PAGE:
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America’s Apartment Buildings Are Getting Bigger and Taller

Updated: Mar 17

Snitz's Big Four for young urban adults feeling disconnected from humanity:

  • Isolate during the pandemic. Then work remotely afterward.

  • Become fearful to go out because of rising crime.

  • Become more insular; spend more time on social media

  • Have people live in anonymity in giant skyscrapers where they don't know their neighbors.  Community killers.


America’s Apartment Buildings Are Getting Bigger and Taller

Rising construction, other costs mean developers are adding more units to be profitable

At 40-plus stories, The Couture in downtown Milwaukee will become one of the city’s tallest residential buildings when completed later this year.

By Will Parker, WSJ

March 4, 2024


More new rental apartments are coming to the market than at any time since the 1980s. Really big buildings are a major reason why.


Apartment developers are creating soaring properties with more units. They have seized on the willingness of some local officials to relax zoning and other laws and institutional investors to bet on smaller cities, enabling developers to go bigger than ever before.

U.S. cities added more than 2,900 buildings with more than 200 apartment units between the years 2021 and 2023. That is 17% more than were built from 2018 to 2020. It also outpaced the increase in the number of smaller properties of at least 50 units, according to property data firm Yardi.


While office towers have typically shaped the American city skyline, builders are now pushing apartments higher into the clouds. High-rises were just 2% of new apartment supply during the 1990s, but rose to 14% in 2022.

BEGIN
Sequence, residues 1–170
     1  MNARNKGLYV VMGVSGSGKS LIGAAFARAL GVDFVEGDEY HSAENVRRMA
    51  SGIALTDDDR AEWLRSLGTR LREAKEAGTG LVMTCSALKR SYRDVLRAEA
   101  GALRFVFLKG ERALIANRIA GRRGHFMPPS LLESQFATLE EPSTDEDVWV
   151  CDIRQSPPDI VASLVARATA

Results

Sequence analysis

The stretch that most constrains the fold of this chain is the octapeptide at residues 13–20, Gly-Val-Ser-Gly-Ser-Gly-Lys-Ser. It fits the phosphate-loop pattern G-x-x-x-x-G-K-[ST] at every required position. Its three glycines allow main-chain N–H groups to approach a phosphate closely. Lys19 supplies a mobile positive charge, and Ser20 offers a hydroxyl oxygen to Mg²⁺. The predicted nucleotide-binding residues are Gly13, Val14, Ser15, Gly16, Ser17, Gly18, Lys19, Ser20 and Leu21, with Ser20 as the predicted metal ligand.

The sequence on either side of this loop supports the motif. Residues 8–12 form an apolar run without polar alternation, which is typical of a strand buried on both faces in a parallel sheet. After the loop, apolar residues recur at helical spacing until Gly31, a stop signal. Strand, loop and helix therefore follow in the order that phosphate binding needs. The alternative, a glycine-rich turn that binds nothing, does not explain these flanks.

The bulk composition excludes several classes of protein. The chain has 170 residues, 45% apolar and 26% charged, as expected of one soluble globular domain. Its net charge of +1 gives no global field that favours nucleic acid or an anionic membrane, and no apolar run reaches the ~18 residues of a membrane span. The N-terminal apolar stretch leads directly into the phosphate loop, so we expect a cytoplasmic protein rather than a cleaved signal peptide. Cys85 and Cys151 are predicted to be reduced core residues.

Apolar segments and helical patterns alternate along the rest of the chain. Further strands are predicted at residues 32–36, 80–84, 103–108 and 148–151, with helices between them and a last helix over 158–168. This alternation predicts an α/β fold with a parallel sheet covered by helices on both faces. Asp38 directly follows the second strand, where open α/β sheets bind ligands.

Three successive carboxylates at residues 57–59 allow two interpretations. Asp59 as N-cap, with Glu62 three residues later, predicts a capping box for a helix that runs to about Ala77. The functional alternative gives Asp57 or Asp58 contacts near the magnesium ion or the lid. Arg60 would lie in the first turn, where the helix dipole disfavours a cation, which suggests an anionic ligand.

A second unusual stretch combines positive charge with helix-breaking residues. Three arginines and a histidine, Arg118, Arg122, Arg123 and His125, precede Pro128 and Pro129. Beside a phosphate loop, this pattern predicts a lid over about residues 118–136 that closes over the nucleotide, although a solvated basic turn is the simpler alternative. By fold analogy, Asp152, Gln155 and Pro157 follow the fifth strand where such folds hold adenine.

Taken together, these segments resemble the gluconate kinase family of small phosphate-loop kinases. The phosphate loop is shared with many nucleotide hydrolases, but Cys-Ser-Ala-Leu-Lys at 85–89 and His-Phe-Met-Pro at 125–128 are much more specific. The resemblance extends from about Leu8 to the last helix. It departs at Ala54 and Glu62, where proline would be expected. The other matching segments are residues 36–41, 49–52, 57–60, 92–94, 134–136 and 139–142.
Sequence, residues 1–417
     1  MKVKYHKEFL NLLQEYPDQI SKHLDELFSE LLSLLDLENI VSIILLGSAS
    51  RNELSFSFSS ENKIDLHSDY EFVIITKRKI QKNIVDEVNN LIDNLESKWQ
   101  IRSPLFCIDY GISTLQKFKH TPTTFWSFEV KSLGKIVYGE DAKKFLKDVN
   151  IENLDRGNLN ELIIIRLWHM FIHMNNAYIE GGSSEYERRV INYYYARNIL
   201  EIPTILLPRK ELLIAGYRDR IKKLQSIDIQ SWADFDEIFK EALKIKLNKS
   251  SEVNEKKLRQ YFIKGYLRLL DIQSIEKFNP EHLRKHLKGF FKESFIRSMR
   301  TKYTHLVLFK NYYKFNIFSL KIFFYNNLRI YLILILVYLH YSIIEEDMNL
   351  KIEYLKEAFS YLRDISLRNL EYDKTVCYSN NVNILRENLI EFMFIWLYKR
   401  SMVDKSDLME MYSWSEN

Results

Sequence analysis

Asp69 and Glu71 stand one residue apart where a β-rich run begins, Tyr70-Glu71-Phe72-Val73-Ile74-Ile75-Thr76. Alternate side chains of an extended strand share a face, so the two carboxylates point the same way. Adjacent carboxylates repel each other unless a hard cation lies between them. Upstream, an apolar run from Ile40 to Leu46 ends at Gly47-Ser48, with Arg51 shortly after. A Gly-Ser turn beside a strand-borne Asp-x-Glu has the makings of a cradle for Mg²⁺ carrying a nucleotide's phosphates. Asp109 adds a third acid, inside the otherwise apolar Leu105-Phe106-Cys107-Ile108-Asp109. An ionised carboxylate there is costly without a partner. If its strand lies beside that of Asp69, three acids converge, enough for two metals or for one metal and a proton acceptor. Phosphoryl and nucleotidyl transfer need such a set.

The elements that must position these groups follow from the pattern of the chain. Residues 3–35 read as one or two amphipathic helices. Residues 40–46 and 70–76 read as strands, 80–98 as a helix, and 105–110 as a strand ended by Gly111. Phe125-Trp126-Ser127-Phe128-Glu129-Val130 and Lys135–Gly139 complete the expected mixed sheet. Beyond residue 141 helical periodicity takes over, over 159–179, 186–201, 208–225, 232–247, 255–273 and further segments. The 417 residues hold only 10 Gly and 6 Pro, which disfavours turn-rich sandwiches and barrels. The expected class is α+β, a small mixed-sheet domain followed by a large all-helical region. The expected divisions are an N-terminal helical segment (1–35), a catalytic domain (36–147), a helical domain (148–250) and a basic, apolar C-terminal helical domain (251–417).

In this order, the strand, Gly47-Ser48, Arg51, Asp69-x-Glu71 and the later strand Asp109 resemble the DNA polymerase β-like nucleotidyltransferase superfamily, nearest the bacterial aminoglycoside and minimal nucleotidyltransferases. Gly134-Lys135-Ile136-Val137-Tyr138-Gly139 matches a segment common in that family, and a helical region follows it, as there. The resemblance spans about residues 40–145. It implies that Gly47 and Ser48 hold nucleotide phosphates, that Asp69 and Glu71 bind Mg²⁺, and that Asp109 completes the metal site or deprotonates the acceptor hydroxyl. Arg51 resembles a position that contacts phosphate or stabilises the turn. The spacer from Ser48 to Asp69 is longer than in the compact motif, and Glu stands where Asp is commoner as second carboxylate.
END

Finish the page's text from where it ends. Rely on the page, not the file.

Milwaukee’s tallest ever rental tower opens next month at about 530 feet. In Atlanta, a 60-story rental apartment and office building is under way in what would be the tallest tower built in that city in more than 30 years.


The Couture is scheduled to open to residents in April and rents range from about $2,000 a month for the smallest apartments up to nearly $12,000 for a penthouse.


The bigger approach to multifamily development reflects the evolving economics of the business and the dynamics of the current housing market.


Rising construction and other costs mean that developers often need to build more units to be profitable. For years, they have been designing smaller apartment units, allowing them to fit more into each building. The average square footage of a new apartment unit fell 6% from 2013 to 2022, Yardi said.


Lack of available land is also causing taller buildings to sprout. In Dallas, the scarcity of 4-acre parcels, typically needed to build the common, entire-block apartment buildings known as Texas doughnuts, has led more developers to build upward on smaller lots, said Ben Brewer, senior managing director in the Dallas-Fort Worth office of developer Hines. The company’s 40-story rental tower, The Victor, is one of Dallas’ tallest residential buildings.


Most of the large apartment buildings going up now were planned at least a few years ago, when rents were rising fast. Rent growth has since slowed in most of the country, but steady tenant demand makes multifamily development still appealing. Record home prices, limited inventory of homes for sale and steep mortgage rates are keeping relatively-high earners in rentals for longer.